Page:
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Coarse WDM/CDM/TDM concept for optical packet transmission inmetropolitan
and access networks supporting 400 channels at 2.5 Gb/speak rate
Article in Journal of Lightwave Technology · January 2001
DOI: 10.1109/50.908792 · Source: IEEE Xplore
7 authors, including:
Thomas Pfeiffer
Jörg-Peter Elbers
Nokia Bell Labs (Stuttgart Germany)
ADVA Optical Networking SE
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Coarse WDM/CDM/TDM Concept for Optical Packet
Transmission in Metropolitan and Access Networks
Supporting 400 Channels at 2.5 Gb/s Peak Rate
Thomas Pfeiffer, Jens Kissing, Jörg-Peter Elbers, Bernhard Deppisch, Martin Witte, Harald Schmuck, and
Edgar Voges
Abstract—To improve the networking flexibility in the
metropolitan and access area, the granularity in the optical domain has to be increased above that in the core network requiring
more channels at lower bit rates. Pure dense wavelength division
multiplexing (DWDM) as it is applied in the core does not seem to
meet this requirement at affordable cost. We propose and analyze
a network based on hybrid optical multiplexing techniques including wavelength, code, and time division multiplexing. Applied
to optical packet transmisssion this approach enables several 100
all-optical channels between end users and headend with average
bit rates up to 100 Mb/s per channel while keeping the installation
and maintenance cost at a minimum.
Index Terms—Code division multiplexing, multiaccess communication, network reliability, optical crosstalk, optical noise, packet
switching, time division multiplexing, wavelength division multiplexing.
N metropolitan area networks (MAN) the required number
of independent optical channels is likely to increase to 100
with channel bit rates up to the Gb/s range within the near future.
This fine granularity enables flexible utilization of fiber bandwidth and simple network reconfiguration. Network operators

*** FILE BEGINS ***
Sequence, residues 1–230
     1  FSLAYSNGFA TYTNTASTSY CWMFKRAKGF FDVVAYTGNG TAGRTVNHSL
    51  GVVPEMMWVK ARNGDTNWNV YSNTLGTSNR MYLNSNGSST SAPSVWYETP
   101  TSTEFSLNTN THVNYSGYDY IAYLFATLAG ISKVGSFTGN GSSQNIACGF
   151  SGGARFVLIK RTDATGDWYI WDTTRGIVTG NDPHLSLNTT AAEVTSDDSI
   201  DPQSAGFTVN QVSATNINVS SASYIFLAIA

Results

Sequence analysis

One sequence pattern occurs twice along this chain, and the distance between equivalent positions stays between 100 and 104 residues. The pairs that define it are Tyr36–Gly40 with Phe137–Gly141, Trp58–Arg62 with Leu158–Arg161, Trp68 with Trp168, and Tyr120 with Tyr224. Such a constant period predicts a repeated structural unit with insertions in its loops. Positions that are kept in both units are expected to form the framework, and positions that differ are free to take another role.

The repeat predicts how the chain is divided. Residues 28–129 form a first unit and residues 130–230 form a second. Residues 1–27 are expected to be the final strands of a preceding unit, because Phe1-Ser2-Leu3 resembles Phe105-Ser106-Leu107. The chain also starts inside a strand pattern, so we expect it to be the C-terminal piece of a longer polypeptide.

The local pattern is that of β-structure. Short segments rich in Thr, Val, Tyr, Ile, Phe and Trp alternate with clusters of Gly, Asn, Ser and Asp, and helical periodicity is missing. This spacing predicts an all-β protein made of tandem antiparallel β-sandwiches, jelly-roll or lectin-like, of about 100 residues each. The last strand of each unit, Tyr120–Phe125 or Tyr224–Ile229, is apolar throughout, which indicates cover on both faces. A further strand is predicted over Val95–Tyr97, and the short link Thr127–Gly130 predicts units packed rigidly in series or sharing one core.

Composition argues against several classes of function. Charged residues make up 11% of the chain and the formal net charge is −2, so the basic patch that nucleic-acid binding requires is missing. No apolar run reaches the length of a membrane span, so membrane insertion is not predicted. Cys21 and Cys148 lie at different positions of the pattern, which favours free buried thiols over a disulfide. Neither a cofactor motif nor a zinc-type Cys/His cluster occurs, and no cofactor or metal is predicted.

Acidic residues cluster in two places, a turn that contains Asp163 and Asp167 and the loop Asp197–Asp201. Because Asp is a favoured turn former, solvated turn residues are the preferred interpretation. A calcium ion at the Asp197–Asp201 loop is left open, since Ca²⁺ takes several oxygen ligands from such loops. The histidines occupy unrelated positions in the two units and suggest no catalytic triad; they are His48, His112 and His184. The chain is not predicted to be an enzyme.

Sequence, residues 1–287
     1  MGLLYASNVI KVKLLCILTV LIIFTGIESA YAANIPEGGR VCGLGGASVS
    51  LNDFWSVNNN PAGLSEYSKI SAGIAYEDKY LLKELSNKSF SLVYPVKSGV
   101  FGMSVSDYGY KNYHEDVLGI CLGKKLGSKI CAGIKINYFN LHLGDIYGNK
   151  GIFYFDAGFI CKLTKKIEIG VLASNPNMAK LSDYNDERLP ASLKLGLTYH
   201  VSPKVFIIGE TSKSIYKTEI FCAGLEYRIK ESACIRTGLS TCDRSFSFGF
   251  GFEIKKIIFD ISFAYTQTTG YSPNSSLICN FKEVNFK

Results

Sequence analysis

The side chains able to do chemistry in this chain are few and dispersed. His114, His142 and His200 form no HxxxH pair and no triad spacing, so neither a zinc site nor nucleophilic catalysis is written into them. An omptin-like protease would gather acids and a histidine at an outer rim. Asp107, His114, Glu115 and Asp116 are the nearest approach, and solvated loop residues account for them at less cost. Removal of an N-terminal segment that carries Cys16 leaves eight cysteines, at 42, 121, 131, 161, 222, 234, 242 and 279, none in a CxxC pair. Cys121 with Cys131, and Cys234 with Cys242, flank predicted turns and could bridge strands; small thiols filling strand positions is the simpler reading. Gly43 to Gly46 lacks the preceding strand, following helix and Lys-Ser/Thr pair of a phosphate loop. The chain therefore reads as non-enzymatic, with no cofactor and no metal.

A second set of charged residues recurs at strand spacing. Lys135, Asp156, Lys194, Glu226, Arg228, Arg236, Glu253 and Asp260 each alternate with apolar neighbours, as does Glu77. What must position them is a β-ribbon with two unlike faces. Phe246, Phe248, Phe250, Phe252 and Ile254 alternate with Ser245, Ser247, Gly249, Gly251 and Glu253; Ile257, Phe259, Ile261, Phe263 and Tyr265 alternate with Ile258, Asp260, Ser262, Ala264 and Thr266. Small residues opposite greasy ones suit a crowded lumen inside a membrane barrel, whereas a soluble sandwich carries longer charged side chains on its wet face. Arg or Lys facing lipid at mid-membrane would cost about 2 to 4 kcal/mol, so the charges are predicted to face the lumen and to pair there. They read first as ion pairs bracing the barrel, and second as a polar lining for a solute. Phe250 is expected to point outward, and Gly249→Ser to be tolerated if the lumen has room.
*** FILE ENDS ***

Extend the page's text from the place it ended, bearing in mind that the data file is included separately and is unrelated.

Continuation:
will be able to lease single optical channels or groups of optical channels to service providers on demand. Even in access
networks with multiple optical channels, the increase of total
throughput to the Gb/s range is anticipated [1]. It is, however,
questionable whether the straight forward scaling of today’s
dense wavelength division multiplexing (DWDM) technology,
as it is presently used in the core network, to the specific requirements of MAN and access networks is an affordable option for the realization of 100 optical channels. Specially for
packet-based services like Internet with average data rates per
user that are up to two orders of magnitude lower than the peak
rate [2] the implementation of DWDM in network parts close
to the end user will not be a realistic option. The spectral efficiency of such networks would be extremely poor making this
approach very expensive.
Manuscript received April 19, 2000. This work was supported in part by the
German Ministry for Research within the Photonik II and KomNet projects.
T. Pfeiffer, B. Deppisch, M. Witte, and H. Schmuck are with Alcatel Corporate Research Center, D-70499 Stuttgart, Germany
J. Kissing J.-P. Elbers, and E. Voges are with Lehrstuhl für Hochfrequenztechnik, University Dortmund, Germany.
Publisher Item Identifier S 0733-8724(00)11609-3.
With increasing channel number and taking into account the
optical bandwidth of fiber networks that is mostly limited by